Hamilton's teammate is enjoying a stellar season. TG.com chats to F1’s Finnish superhero
Top Gear: You’ve just met one of the original Flying Finns, Hannu Mikkola. Were people like him household name superstars when you were a kid?
Valtteri Bottas: The guys in rallying and F1 have always been admired in Finland, especially among kids and when you’re in karts. For me, Mika Hakkinen was the inspiration to get into F1, and made me work harder. I was six when I started karting, and nine when Mika won his first title.
TG: So, that first win in Russia…
VB: It’s very special. It really is. It took a few days to realise it. There was a bit of pressure from Sebastian…
TG: At least he didn’t drive into you.
VB: [laughs] No. The main thing was to try to keep it together. I had that lock-up and flat-spotted the tyre, and the vibration was pretty bad. In fact, I struggled to see my braking marks after that. I went corner-by-corner, lap-by-lap, concentrated on my lap, didn’t worry too much about what was happening in my mirrors.
TG: How much can you actually see in those, in the heat of battle?
VB: Just about enough. Enough to know the distance to the car behind. But as I say, I didn’t really want to know. During the last ten laps, I asked the team for more silence on the radio, to minimise the communication so I could just get on with it.
TG: There was immense pressure coming into the team, replacing the World Champion. And you must be thinking about next year now.
VB: It’s been great, I’m really enjoying it, and I think we’re still getting stronger as a team. My target is to have a long-term relationship with Mercedes, although there is no confirmation yet. Even though the last few years have been mega for the team, there’s still a lot more to achieve. I have Nico’s mechanics, I don’t know how it was in detail before, but all I can say is that there’s a good team spirit and we’re working together with Lewis.
TG: Do you share anything?
VB: Yes. Everything. All the telemetry. Because it’s better for the team.
TG: Are the 2017 cars as awesome as they look?
VB: [smiling] They are. For me, it’s more fun than before. To get to the limit now is a bit harder because of the bigger loads. The first couple of runs testing at Barcelona, going through turn three flat-out, was amazing. They’re more tricky in general, because there’s more downforce, they’re a lot quicker in high-speed corners – which we all like – but it’s more difficult to follow another car because you lose so much downforce. It depends on the track. The car starts sliding more, and you can overheat the tyres. F1 aero is so much about the flow of the air out of the front wing, the vortices generated in that area that are directed to the floor and wherever it needs to go, and once you lose there you also lose the rear end.
TG: But you’re a Finn so you’re naturally good at going sideways…
VB: [laughs] I don’t mind going sideways, but F1 cars aren’t really made for that.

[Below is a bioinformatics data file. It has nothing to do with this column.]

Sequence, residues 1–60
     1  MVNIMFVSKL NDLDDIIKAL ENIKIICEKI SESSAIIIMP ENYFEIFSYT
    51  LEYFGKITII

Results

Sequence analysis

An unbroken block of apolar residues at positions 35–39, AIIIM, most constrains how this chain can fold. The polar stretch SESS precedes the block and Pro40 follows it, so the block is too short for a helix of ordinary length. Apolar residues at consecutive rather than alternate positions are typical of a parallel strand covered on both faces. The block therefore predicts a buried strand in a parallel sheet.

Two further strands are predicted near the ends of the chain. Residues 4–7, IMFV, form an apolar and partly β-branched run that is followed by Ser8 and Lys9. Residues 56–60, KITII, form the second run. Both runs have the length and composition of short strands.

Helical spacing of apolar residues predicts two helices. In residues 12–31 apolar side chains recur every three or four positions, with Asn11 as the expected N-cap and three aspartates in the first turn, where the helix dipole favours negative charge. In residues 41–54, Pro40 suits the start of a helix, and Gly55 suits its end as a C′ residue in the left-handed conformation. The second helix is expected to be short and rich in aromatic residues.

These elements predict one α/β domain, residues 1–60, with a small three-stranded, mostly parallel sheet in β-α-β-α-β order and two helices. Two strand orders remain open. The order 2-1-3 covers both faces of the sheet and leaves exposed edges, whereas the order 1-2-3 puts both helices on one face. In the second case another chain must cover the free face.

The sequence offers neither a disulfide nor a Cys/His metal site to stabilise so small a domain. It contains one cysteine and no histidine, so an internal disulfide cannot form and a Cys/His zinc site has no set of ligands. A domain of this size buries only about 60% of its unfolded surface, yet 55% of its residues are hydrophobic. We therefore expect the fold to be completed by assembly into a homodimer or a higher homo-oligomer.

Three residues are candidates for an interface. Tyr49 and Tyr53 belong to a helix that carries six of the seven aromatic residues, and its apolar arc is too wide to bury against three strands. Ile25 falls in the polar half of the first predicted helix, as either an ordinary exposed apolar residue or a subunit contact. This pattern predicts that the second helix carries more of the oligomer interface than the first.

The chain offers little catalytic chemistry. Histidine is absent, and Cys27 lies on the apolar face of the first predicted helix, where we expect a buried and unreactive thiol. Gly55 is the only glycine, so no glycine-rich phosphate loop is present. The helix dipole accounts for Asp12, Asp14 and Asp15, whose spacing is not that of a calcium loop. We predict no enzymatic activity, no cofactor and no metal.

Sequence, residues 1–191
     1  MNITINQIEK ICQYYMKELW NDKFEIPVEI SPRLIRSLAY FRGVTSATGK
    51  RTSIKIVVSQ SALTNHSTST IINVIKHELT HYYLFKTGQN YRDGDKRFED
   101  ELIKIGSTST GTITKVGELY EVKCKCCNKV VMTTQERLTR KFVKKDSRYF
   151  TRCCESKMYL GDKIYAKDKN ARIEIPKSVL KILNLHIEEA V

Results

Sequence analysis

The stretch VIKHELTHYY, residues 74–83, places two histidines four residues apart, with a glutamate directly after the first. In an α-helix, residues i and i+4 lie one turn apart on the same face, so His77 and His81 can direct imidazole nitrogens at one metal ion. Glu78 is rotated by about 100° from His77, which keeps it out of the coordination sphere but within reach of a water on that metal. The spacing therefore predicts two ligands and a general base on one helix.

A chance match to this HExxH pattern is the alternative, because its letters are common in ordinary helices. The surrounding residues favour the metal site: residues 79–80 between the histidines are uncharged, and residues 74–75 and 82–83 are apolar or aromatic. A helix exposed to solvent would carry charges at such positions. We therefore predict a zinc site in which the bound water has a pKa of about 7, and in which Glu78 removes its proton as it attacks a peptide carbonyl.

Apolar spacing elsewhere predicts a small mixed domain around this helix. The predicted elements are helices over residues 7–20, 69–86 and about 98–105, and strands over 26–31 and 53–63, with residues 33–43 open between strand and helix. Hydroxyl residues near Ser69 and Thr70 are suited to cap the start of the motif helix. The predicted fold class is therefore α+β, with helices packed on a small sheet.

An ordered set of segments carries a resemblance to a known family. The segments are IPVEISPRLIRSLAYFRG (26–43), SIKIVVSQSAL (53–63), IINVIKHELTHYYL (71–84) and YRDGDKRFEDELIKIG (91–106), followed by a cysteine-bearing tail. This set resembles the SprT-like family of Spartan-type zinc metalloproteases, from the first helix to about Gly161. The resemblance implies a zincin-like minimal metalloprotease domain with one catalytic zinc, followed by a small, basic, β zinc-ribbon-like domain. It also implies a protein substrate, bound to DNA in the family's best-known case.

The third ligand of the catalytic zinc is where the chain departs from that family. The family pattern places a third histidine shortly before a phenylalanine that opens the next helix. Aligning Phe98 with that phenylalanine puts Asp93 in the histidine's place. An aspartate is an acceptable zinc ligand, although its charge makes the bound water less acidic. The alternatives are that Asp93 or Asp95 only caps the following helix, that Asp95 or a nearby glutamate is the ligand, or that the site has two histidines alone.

TG: How do you like to set your car up?
VB: I hate understeer. A well-balanced car is obviously what you want, but if I had to choose between understeer or oversteer, I definitely like a car a bit more pointy, more oversteery. I like drifting in fast road cars, or in any other car than an F1 car in fact.
TG: AMG’s road cars are pretty good at it, you know.
VB: I do know. The GT is a lot of fun. I’ve got a C63 coupe, but I do have a Porsche as well. Not sure I’m allowed to mention that. I don’t have any proper supercars, I like to keep it a bit lower profile. I live in Monaco, so it’s the right car for there, and I can pick up people from the airport and have room for their luggage.
TG: We’re talking about bootspace in your Mercedes… Let’s move onto the controversy in Baku last weekend. Personally, and this is just my view, I thought it refreshing to see Sebastian just lose it in the moment like that. It made him look human. But is it completely unforgivable, from your point of view as a racing driver?
VB: [pause] I don’t know really, it’s… er…
TG: Would you ever do that?
VB: No, I wouldn’t.
TG: Do you ever get angry in a car?
VB: Not really. I never leave any space for emotions. I don’t know what to say, really. In the heat of the moment, different things can come up, you know? But I wouldn’t do that, no.
TG: So how do you manage your emotions?
VB: For me it’s quite natural. I just focus on the things that matter. If you get pissed off or angry, it’s not good for your performance. You can always see it in the lap time if your head is focusing on things that don’t matter.
TG: With the higher cornering speeds and extra loads, you must be looking forward to Silverstone. Copse and the Maggots and Becketts complex are going to be mighty this year.
VB: It’s going to be really quick. Copse is going to be flat-out, I think. Spa and Suzuka. They’re my two favourite tracks because of the change of elevation and the high-speed corners. Silverstone and Austin, they’ll be a lot of fun too. It’s amazing to see all the eras represented here at Goodwood, and I loved watching F1 in the 1990s. But I think this is going to be a vintage year. The drivers are all enjoying the cars.
TG: Did you congratulate Lance Stroll after the Azerbaijan GP [Bottas overtook the Williams rookie just before the finish line to take second place]? You were dead last at one point…
VB: Well I saw him on the podium. I was one lap down. You never know, you just keep your head down and keep pushing, even if it’s hard to imagine improving from so far back. It’s just proof that you should never give up. It certainly felt good.
TG: What is it about Finns, you have this almost Zen temperament?
VB: [laughs out loud] I don’t know. We’re just… us.